We have considered the response by the central government in Madrid to this kind of disobedience as inadequate

The partisan use of the former; the manipulation of the second, which has even seen calls to publicly identify locations of the Civil Guard (with a level 4 terrorist alert in place!); and the immoral pressure being placed on school principals and even calls for minors to get involved, must stop immediately. If not, the state should take them over, which would mean that the future of the very same institutions would be in doubt.

For some time we have considered the response by the central government in Madrid to this kind of disobedience as inadequate. In the future, a more detailed analysis will have to be made of these mistakes and in the corresponding need for responsibilities to be assumed. But at the current time, it is important to point out that by no means can the behaviors of those who are subverting the Constitution be compared with the government, which more or less clumsily has tried to respond. This has not been a train crash. This has been, from the start, an all-out irrational onslaught against the state by thrill-seeking opportunists.

While some of the instruments that the state has at its disposal to defend the law have been used in a balanced manner, the central government has never put into danger the rule of law in Catalonia. What is today being played out in the streets of Catalonia is not the questioning of freedom of expression of pro-independence citizens: they enjoy that as anyone in a democratic state does, despite what their leaders claim. What is in play today is whether a breakaway is consummated with the collapse of the statutory order, which has already been diminished by the regional government and parliament. Or if, on the contrary, the Estatut and the Constitution are restored.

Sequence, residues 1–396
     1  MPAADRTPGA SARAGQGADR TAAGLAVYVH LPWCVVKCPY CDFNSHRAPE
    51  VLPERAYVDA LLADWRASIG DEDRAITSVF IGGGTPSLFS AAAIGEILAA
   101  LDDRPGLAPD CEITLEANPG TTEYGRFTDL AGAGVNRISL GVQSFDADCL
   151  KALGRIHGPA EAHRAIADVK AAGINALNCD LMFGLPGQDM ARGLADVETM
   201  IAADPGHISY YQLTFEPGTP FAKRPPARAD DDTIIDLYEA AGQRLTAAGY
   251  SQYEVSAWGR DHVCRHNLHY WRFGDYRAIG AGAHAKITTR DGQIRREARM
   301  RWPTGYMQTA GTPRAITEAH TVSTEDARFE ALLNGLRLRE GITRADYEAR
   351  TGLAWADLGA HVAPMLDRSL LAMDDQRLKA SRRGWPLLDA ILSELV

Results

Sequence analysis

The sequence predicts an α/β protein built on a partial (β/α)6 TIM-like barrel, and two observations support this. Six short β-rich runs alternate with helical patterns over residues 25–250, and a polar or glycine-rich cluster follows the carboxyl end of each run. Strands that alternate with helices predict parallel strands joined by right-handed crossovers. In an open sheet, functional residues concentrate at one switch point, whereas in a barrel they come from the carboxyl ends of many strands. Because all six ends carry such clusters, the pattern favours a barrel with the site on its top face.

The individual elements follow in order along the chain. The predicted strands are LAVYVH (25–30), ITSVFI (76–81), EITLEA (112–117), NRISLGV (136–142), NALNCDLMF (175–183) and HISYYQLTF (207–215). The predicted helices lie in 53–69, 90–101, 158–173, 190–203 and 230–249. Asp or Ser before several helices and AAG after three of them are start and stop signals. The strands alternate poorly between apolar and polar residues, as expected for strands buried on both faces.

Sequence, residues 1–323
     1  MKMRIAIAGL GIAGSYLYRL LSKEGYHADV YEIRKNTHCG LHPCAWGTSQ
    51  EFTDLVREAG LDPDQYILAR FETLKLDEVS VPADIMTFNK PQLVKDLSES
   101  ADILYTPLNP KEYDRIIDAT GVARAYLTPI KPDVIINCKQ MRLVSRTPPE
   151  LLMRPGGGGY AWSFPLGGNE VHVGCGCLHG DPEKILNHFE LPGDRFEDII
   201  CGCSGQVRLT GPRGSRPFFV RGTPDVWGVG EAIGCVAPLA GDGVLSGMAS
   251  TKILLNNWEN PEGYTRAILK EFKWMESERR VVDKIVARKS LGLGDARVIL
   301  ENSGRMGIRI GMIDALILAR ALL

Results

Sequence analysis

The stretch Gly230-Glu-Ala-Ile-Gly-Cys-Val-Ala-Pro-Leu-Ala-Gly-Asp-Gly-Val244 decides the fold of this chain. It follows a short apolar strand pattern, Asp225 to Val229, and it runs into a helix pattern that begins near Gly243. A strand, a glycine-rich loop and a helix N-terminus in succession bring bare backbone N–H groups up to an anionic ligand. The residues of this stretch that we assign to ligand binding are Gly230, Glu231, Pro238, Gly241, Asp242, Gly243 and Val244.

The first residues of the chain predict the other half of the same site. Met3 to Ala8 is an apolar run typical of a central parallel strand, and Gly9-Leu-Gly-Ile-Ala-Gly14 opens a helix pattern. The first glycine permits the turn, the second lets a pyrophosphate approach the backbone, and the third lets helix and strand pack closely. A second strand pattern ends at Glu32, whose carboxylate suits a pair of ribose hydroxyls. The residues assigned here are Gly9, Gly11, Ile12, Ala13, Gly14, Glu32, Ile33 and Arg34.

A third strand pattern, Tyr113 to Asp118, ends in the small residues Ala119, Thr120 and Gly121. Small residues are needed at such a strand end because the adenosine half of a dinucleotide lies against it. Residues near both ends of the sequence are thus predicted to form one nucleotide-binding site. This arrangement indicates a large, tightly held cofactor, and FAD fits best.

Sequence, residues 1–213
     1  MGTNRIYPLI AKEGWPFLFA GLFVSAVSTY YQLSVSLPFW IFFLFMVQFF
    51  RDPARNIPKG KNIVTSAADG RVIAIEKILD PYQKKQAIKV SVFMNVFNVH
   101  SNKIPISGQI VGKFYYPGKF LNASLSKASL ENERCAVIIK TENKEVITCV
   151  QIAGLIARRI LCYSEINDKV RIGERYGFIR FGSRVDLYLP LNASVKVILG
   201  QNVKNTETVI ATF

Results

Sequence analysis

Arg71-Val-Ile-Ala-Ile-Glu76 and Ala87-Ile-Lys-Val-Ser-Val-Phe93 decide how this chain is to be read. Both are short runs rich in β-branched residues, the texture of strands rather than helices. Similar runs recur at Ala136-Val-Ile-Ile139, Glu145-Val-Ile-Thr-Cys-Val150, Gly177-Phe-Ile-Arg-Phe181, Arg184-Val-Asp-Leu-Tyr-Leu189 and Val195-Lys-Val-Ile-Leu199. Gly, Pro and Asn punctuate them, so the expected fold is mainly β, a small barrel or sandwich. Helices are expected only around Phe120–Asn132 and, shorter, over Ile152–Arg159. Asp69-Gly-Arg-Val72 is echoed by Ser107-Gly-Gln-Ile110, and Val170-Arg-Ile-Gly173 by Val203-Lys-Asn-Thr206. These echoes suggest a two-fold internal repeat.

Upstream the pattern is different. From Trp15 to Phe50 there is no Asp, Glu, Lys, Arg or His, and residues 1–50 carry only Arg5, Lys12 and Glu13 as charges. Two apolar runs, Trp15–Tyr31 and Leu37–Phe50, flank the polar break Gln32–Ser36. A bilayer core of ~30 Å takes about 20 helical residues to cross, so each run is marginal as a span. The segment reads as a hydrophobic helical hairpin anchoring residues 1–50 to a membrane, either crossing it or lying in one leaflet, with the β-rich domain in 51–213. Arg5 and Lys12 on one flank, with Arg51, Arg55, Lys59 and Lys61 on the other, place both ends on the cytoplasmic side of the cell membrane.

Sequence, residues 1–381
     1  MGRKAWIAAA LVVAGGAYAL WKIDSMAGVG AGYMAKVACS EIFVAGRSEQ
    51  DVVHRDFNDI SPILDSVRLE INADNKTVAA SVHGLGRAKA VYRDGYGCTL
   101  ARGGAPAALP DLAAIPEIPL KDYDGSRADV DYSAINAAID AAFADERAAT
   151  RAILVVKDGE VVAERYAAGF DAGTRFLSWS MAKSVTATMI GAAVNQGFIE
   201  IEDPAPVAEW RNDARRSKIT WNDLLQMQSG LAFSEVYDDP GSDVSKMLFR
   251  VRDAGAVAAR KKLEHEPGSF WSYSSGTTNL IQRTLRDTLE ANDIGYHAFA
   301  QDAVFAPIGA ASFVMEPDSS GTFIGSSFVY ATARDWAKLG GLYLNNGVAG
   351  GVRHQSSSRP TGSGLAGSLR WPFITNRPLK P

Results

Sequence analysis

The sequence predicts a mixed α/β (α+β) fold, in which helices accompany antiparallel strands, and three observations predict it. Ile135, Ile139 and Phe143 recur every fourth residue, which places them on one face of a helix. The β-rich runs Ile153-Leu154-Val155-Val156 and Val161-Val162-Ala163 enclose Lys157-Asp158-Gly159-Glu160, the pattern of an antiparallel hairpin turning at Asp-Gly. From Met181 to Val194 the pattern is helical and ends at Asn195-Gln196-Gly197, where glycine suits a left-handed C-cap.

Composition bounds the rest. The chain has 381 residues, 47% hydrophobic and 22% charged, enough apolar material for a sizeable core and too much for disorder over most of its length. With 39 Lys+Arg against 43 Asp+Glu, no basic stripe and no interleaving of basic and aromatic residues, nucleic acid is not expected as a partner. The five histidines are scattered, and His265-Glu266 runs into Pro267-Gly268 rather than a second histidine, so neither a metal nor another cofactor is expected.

There is a narrow opportunity for that to be achieved with the smallest damage possible for Catalan self-government (and for the economy, as the Bank of Spain has sensibly warned). And it needs to happen in the next few hours with maximum containment.

With the Estatut, anything is possible. Against the Estatut, nothing

Of course, restoring the Estatut is not inevitably a point of arrival. It could be a point of departure, to extend self-government. It is not impossible – it is happening in the Basque Country – if we return to the legal means that should never have been exceeded. Nor is it impossible to widen the decentralizing reach of the Constitution in a federal sense, which would offer a better fit for the legitimate hopes of many citizens in Catalonia (and other regions).

If there is a will to do so, the mechanisms with which to implement it would not be difficult: mixed work groups, parliamentary commissions, the design of a new statutory pact, and even a constitutional one that could be put to a referendum to be ratified. It would be a complex path to take, but it would not be traumatic compared to what is currently being put to us. And above all else, it would be a better messenger for the future and for global recognition. But all of this needs to be done once the Constitutional order has been re-established, not before. Dyed-in-the-wool participants in a coup cannot be negotiated with. It is, however, possible to dialogue with those who want more self-government for Catalonia. With the Estatut, anything is possible. Against the Estatut, nothing.

English version by Simon Hunter.